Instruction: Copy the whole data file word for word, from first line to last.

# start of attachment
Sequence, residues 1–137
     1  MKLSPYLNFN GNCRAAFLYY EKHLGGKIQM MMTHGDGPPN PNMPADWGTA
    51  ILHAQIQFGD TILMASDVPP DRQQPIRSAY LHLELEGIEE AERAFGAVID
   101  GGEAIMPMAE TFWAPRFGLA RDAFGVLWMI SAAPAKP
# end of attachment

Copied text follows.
Sequence, residues 1–137
     1  MKLSPYLNFN GNCRAAFLYY EKHLGGKIQM MMTHGDGPPN PNMPADWGTA
    51  ILHAQIQFGD TILMASDVPP DRQQPIRSAY LHLELEGIEE AERAFGAVID
   101  GGEAIMPMAE TFWAPRFGLA RDAFGVLWMI SAAPAKP